Triangle (Buffy, Season 5, Episode 11)


Willow and Anya fight for Xander’s attention while Buffy recovers from the departure of Riley.  Buffy is worried about Xander and Anya’s relationship when she hears from Tara that problems might be in the making.  Xander is made to choose between his girlfriend and his best friend when an accidentally summoned Troll (who used to date Anya) corners the three in the Magic Shop.  The whole episode features characters rationalising their and others’ behaviour in the face of silence or in an effort to ‘make things better’.

Rationalisation, the explaining away of circumstances so that someone does not need to confront them or so that they can more easily assimilate the changes which accrue, is a PC luo vessel issue.  It differs from the rigidity of the sense organs in which a person refuses to see any changes at all, which would be a San Jiao luo vessel pathophysiology.  Both PC and SJ pathologies can be seen in many communication difficulties, as two individuals talk past or around one another, without actually hitting on the root causes of the problem under discussion.  It should come as no surprise, then, that when needled, PC-6 can be used for problems with the throat.  The PC luo point, PC-6 is often needled in combination with the San Jiao luo point, SJ-5, linking the Inner and Outer Gate respectively.

The Jia Yi Jing specifies the PC luo for heart pain and heart vexation.  We did visit general vexation earlier in the season, when we treated counterflow in Riley’s Kidney luo channel.  What differentiates general vexation from Heart vexation?  Recall the difference between the JueYin function of clarifying blood with the ShaoYin function of regulating the movement between yin levels, between opening to the exterior and stilling the interior.  The ShaoYin system leads fire to water to invigorate and move it upwards; it balances fire with water to clear heat and excess desire so that the Heart and shen can remain tranquil.

Thus, with general vexation, a disorder affecting a luo mai of the Shao Yin meridian, a sort of restlessness presents in the entire person.  The self is not reaching an emotional satisfaction, the spirit isn’t grasping its essential mission.  Desires are not being swept away, because they are not being brought out into the open.  In contrast, with the Jue-Yin level heart vexation, the shen doesn’t know how to find meaning in a situation, or it is suffering from an excess of meaning as applied to the actions of other people.  The ability of JueYin to clarify blood, to separate one’s own personality from others, is compromised.  This is particularly manifest on an emotional level, that is, where other people’s personalities and their own paths in life are not quite linking up to one’s own.  It is reflected in the name of the point PC-6, ‘Inner Gate’.  The person’s inner boundaries have run amok.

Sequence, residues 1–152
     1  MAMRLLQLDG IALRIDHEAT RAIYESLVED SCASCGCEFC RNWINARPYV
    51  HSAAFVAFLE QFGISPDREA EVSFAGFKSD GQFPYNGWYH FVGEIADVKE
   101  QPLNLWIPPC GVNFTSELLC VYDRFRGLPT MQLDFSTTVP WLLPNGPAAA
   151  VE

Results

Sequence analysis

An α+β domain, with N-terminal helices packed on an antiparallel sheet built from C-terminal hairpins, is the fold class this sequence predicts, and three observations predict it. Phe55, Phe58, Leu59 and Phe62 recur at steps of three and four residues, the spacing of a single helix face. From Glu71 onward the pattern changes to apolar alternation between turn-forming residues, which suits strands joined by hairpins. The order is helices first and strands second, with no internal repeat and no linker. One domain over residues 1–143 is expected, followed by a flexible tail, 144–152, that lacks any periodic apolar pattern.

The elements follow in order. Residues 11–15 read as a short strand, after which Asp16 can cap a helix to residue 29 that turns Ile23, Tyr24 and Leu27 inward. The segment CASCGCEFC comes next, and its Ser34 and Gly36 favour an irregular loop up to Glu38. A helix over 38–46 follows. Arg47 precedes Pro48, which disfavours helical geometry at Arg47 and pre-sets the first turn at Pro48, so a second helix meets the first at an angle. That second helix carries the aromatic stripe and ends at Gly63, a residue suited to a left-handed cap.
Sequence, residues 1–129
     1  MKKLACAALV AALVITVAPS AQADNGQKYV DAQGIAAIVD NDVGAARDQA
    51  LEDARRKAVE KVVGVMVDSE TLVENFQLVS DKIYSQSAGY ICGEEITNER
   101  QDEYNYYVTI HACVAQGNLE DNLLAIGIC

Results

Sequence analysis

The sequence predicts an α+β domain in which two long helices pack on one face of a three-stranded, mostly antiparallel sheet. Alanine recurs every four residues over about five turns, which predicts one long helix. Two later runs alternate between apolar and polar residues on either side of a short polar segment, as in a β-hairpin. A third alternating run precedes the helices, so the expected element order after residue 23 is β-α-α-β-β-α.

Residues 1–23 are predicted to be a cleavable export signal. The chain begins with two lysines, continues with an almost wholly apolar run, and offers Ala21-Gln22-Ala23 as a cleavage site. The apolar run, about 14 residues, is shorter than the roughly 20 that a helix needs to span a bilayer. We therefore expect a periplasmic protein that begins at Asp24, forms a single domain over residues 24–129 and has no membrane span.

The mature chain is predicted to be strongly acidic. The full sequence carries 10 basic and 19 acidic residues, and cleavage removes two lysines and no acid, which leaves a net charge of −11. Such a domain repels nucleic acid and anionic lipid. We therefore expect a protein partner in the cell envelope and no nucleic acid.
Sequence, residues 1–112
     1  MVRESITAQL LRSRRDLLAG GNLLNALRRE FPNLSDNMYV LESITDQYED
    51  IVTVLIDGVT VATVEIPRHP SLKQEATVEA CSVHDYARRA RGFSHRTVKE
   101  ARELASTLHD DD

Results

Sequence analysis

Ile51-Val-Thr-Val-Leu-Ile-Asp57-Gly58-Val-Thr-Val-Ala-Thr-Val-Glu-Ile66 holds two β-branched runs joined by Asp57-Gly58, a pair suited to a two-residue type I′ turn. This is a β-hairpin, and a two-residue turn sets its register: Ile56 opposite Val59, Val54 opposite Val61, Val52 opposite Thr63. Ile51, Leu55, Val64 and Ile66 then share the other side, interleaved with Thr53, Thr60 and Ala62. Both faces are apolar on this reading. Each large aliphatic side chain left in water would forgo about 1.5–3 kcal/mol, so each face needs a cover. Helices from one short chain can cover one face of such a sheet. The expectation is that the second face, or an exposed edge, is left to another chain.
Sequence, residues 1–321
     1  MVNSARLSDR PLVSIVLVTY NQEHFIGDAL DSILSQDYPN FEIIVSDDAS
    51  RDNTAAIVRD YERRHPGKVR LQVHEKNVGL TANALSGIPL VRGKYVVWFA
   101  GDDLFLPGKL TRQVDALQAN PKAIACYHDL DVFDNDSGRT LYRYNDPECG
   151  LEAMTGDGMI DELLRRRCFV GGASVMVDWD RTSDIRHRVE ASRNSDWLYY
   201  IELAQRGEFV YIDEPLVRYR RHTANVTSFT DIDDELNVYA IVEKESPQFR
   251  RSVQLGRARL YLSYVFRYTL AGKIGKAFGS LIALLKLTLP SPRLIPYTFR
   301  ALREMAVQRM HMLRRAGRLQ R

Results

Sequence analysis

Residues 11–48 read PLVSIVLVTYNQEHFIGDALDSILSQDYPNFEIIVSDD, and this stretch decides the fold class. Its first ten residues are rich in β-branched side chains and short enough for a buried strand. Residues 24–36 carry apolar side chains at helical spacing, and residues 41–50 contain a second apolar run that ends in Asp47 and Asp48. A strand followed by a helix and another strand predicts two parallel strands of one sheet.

In Buffy’s case, she is taking the meaning from her own experience with Riley, with its hopes and disappointments, and applying it outside herself to Xander and Anya.  Her mission in life has not been compromised, as would be the case in a KD luo vessel counterflow presentation.  Rather, it is not being fully nourished by her own personality; she has been set back and has not grown back to filling it out again.  PC blood needs to be nourished.  (In case of Heart pain, the PC luo vessel is in excess, and would need to move, either by nourishing SP ying or by through dispersal of focus to other parts of life in need of attention.)

Like the San Jiao meridian, few herbs go to the Pericardium, perhaps as a result of its anomalous place among the five solid organs.  Among the herbs which do guide formulas to the Pericardium chai hu (radix bupleuri) is interesting in that it goes to both the San Jiao and the PC.  Chuan Xiong, used for moving blood and relieving pain due to blood stagnation, and Dan Shen, selected to as a single herb embodying the actions of the formula Si Wu Tang, are two other herbs which enter the PC channel.  In this episode, the issue is one of miscommunication, of rationalisation and potential rigidity of perceptions; I would therefore select Chai Hu as the guiding herb.  To be fair, though, the three herbs together make an elegant formula to nourish, move, and regulate both blood and qi.

As always, these posts are meant as educational and entertainment devices only.  If you feel you could benefit from the tradition of Chinese Medicine, please visit a qualified practitioner. 

Happy slayage!

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